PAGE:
Summer is here and turning to fresh fruits in various forms, seems the most logical and healthy thing to do. Go for it, but add a twist. Instead of the usual milk shakes, lassi, smoothies, try fruits in a new avatar. Yes, experiment with fruits in savoury dishes and there’s a lot you can do.
Of course fruits naturally lend themselves to desserts, but one can be imaginative and use fruits to boost savoury dishes, soups, main course and accompaniments, across various cuisines.
Fruits are a flavour booster, yet, to achieve the right balance, is the key. Tropical fruits have always been used liberally in South Asian cuisines and fruits such as apricots, figs, dates, have been an integral part of Middle Eastern and African cuisine.
Our very own Indian cuisine can be enhanced with the use of fruits. Mango, the king of summer fruits, can add zest and flavour to dishes. Mango sasav or Ambyache sasav, a sweet-sour dish, prepared with ripe mangoes, is a favourite among the Maharashtrians and the Konkan belt. Sasav or mustard seeds, curry leaves, coconut, jaggery, are added as tempering to the ripe mango pulp, which is cooked. This is generally enjoyed with steamed rice.
Understanding the texture a fruit imparts, is important, as it can then be used accordingly. Apples, pineapple, pears, for instance, owing to their firmness, are ideal for stuffings in koftas, or in stuffed tomatoes and capsicums. Gravies and curries are yet, another form in which fruits are incorporated to give body to the preparation. For these, Pineapple and jackfruit are preferred.
Amrud ki sabzi or a dry preparation with guavas, is a North Indian delicacy and can be eaten with puris, instead of the usual potatoes. An interesting use of guavas is their addition to a mutton curry, in the form of a smooth paste.
In Kerala, Papaya appams called pappali appams made with rice flour, wheat flour, coconut paste, jaggery, are paired with spicy mutton or chicken curry.
Salads, soups and dips make use of a variety of summer fruits in global cuisines. Grilled watermelon n feta cheese makes for a refreshing salad in summer. A cold soup can be made using pineapple and orange juice, squeezed freshly from fruits. Cucumber, a dash of lime and a pinch of sugar complete this unique delicacy. A curried squash and pear soup is also a good option to cool oneself.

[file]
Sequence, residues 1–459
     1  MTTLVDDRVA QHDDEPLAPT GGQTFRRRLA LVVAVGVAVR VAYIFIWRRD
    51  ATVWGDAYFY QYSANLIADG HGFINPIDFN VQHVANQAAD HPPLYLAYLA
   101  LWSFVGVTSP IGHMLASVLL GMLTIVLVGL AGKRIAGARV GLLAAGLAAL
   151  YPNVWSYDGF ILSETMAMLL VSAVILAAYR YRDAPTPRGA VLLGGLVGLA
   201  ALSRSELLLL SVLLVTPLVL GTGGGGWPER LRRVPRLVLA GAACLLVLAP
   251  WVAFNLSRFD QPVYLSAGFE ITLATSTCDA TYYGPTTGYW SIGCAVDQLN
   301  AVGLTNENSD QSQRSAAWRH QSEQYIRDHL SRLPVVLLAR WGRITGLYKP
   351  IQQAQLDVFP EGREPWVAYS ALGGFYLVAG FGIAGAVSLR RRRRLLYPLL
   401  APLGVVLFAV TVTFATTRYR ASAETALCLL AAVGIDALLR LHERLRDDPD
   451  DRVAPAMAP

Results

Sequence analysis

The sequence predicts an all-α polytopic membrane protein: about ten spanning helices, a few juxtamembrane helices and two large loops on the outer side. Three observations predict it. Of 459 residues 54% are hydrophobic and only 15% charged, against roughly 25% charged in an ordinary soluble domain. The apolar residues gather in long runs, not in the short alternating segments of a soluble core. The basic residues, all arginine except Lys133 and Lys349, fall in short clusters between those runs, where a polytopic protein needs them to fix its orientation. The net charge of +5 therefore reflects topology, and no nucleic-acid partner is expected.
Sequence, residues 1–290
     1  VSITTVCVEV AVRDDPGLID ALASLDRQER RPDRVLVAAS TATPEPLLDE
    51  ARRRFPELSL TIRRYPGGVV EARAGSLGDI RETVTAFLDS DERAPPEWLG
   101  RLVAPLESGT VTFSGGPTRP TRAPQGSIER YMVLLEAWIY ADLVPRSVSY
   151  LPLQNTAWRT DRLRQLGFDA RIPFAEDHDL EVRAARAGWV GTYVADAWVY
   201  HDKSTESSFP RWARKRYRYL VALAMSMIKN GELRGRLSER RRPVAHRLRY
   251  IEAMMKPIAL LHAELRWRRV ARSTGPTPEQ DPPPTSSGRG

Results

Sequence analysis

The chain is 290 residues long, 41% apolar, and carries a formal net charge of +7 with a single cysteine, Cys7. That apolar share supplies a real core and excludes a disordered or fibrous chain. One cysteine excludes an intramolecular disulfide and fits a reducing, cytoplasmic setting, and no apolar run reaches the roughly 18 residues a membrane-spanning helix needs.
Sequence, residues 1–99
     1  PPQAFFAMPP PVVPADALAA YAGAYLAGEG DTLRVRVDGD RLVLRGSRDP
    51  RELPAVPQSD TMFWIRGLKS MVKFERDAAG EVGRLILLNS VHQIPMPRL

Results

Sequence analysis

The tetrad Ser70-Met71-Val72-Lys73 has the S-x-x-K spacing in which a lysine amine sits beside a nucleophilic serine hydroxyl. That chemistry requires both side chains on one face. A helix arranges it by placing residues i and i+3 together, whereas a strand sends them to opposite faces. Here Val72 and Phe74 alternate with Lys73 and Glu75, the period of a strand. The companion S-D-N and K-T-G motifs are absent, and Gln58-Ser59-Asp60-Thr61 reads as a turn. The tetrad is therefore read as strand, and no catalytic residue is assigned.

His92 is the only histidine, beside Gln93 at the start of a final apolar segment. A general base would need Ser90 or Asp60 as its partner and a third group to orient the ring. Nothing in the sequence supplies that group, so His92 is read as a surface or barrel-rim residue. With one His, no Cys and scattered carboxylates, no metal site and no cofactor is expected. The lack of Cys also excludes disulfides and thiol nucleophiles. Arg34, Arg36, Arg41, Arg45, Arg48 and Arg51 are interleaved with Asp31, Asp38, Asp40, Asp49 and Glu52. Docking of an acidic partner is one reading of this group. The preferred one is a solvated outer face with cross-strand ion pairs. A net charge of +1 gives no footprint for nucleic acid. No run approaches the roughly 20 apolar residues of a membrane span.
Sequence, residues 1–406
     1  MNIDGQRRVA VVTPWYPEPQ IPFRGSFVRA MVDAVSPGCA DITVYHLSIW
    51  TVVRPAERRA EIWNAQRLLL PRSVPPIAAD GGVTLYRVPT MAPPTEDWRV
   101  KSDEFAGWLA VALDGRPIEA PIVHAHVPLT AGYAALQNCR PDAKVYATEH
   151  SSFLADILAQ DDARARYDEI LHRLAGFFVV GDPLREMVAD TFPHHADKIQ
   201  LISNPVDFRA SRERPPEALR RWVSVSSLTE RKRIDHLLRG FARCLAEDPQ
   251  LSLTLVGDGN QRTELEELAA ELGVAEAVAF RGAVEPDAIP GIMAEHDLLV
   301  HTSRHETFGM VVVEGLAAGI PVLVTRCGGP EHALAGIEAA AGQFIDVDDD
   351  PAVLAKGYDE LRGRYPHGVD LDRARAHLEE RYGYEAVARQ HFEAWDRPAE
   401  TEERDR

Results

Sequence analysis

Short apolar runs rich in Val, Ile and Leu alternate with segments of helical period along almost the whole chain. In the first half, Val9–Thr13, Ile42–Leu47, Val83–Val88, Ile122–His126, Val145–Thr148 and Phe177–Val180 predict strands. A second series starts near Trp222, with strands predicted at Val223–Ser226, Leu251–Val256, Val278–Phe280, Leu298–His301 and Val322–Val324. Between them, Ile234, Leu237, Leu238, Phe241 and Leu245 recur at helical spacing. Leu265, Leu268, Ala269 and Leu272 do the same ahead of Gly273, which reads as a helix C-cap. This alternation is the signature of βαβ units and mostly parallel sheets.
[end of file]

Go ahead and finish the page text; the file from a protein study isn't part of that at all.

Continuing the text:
Regular dips and sauces are often pepped up with the addition of a fruit. Fresh mango salsa is a popular accompaniment. Plum sauce, again is a common favourite in meat dishes.
Interestingly, citrus fruits like lemon, lime, orange, are sought after, for flavouring seafood items. Used carefully, these can enhance the appeal of fish, prawn, crabs, squids, mussels and scallops, whereas the whole fruit is often added to a duck salad.
In mains too, a fruit like pomegranate can be cleverly combined with a roast chicken, as the fruit adds its typical juicy flavour and crunchy texture to the dish.
Chargrilled tofu with fresh fruits or Rojak( a fruit salad), with pieces of fried, sweet pineapple, green mango and papaya, rose apples and guava, tossed in a dark sauce. Sounds exotic? Pan Asian cuisine today stands for fusion and fruits are cleverly combined to balance the sweet, tangy and savoury flavours in dishes.
Pears, pineapples, pair well in pork dishes, complimenting the texture and flavour of the meat, while peaches are the perfect complement for chicken. Melon, citrus fruits (orange, grape fruit, sweet lime) and grapes are other commonly used fruits.
So, irrespective of the cuisine, one can give a dish, a ‘fruity’ twist, by making use of the right fruit, in the right form. Innovation is all that it takes.